Self Help and the Empty Pursuit of Just a Little Bit More

Simple Takeaway:

America is driven by capitalism, which is fueled by a constant desire for more. But studies have shown that the keys to health and happiness are relationships and community, not money or status. It turns out, the happiest and most fulfilled people focus on what’s in front of them rather than constantly chasing more.

American society is very much a society of “not quite good enough”.

The entire concept of capitalism hinges on the idea that we are not quite good enough as we are.

Every product and service we encounter in our society exists for the purpose of improving life in some way.

While constant improvement is a noble concept, it can take a toxic turn pretty quickly if we’re not careful.

Enter America’s inundation with self-help products.

From 2013 to 2019, the number of self-help books published increased nearly three-fold.

It seems as if everywhere we turn, there’s a new program, product, or service intended to make our lives just a little bit better.

But is all of the self-help actually helpful?

Is constant progress really the goal of our lives?

In a broad sense, self improvement is a great thing. Progress and growth are certainly good things in the right context.

But in America we’ve become so overwhelmingly obsessed with better that we’ve lost the idea of contentment almost entirely.

We’ve also forsaken the idea that who we are and what we do is valuable regardless of how big and important it may seem.

Here’s how self-help became the focus of modern Americans:

In the past, our ancestors did the work that needed to be done and they found contentment and joy in the every day aspects of life.

Their dreams were to build families, put food on the table, put clothes on their backs, and keep a roof over their heads.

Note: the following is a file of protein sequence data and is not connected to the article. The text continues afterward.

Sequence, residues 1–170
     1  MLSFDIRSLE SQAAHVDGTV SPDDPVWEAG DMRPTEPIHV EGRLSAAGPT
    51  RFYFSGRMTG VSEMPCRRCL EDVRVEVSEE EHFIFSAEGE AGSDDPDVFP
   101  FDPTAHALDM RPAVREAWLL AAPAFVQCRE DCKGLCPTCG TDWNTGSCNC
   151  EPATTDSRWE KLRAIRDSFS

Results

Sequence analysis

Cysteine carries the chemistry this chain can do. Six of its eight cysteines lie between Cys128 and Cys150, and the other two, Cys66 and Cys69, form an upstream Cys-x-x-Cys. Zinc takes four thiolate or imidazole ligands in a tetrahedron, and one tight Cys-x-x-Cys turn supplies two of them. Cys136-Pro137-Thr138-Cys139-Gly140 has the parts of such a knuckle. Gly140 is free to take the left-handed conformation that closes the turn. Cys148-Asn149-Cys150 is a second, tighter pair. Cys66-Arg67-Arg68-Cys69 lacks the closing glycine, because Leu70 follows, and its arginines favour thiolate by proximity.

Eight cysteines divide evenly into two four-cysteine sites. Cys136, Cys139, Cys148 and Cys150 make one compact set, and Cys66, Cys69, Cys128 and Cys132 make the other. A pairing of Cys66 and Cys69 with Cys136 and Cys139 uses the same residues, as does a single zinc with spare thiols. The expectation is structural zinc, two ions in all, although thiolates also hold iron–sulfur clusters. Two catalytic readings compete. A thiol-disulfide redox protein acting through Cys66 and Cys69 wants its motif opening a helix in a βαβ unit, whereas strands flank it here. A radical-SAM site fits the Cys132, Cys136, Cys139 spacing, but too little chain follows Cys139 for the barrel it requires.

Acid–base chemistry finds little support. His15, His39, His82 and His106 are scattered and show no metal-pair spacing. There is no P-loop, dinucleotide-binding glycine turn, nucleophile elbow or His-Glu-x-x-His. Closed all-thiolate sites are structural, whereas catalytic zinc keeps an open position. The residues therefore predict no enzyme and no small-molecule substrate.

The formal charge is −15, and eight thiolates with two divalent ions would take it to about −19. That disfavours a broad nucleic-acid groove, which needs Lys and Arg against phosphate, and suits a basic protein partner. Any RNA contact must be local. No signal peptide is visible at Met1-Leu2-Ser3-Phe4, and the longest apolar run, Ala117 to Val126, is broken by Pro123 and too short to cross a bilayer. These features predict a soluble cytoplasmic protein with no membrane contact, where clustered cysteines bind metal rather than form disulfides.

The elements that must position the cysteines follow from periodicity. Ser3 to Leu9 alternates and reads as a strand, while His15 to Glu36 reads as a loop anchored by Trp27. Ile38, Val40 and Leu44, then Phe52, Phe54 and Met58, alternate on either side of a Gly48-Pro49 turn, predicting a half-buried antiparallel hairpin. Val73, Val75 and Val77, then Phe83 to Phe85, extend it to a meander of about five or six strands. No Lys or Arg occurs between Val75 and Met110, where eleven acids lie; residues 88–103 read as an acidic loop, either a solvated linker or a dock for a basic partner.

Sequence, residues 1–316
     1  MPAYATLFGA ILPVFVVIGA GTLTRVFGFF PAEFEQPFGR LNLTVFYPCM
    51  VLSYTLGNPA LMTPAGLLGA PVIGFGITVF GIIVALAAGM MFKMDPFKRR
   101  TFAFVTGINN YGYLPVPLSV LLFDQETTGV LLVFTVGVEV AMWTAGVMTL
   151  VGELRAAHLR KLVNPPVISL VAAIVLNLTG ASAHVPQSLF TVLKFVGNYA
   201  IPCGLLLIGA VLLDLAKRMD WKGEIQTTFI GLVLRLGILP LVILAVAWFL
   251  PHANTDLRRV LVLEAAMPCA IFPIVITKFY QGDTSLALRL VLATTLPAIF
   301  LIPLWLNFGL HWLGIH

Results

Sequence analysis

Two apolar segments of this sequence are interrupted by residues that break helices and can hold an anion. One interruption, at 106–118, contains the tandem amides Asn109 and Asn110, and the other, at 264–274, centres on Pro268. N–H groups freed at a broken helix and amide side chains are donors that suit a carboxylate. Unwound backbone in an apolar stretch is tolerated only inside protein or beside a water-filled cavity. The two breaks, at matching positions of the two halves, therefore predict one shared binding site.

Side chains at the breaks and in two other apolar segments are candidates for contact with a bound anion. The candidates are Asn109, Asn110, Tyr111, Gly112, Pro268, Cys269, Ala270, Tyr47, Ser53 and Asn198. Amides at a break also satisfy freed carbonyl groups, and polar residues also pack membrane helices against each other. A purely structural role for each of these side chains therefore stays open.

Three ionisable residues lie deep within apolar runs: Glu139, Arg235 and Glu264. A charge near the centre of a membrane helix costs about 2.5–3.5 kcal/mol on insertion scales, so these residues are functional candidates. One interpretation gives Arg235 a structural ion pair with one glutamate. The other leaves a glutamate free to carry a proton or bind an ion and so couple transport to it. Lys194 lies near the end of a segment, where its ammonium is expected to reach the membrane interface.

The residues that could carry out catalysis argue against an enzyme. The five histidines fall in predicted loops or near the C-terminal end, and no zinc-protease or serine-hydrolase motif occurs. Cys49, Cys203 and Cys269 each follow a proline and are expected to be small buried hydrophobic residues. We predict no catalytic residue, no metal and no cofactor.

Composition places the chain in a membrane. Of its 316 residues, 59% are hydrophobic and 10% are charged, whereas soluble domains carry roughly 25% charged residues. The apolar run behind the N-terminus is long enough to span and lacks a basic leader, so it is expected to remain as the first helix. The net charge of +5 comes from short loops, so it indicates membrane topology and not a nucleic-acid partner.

But in order for the American economy to continue to grow, there needed to be more products and more services in the marketplace.

The idea that “more is better” had to be sold to the public for economic growth to continue.

Having more money makes you feel better.

Losing more weight makes you look better.

Reading more books makes you a better business person.

These ideas had to be sold to the public in order for the market to continue to grow.

But now we have a different kind of problem in America.

Popping the Self-Help Bubble

According to the American Psychological Association, America is now facing a national mental health crisis as levels of stress, anxiety, depression, and more continue to rise at an alarming rate.

Not surprisingly, the number one cause of stress for Americans is money.

From 2008 to 2018, anxiety nearly doubled among 18 to 25 year olds.

One study in 2018 found that nearly 40% of respondents said they were more anxious then than they were a year before. Then a global pandemic hit two years later.

Depression has also been on the rise at an alarming rate in America over the past decade, and it’s rising especially fast among teenagers and young adults.

    So what’s the antidote to this mental health crisis?

    The simple answer might be right in front of us.

    Here’s why:

    Harvard University conducted a nearly 80 year old study to try to figure out what led to healthier and happier lives.

    What did they find after nearly 80 years of research?

    They found that the keys to health and happiness are relationships and community, not money or status.

    Yet we still have a sea of voices yelling at us daily telling us we should be just a little bit better and that happiness is only one self-improvement hack away.

    Studies have shown that success, status, and notoriety are vain pursuits.

    It’s time for our mindset as a society to shift from constantly looking for something better to instead learning how to better steward the common yet extraordinary lives that are right in front of us right now.

    The most valuable thing a human can do is find happiness in the mundane by embracing what actually matters – which is serving and loving one another. 

    If self improvement hacks help you do that better, then go for it.

    But more often than not, we’ll be just fine without the next self-help trend.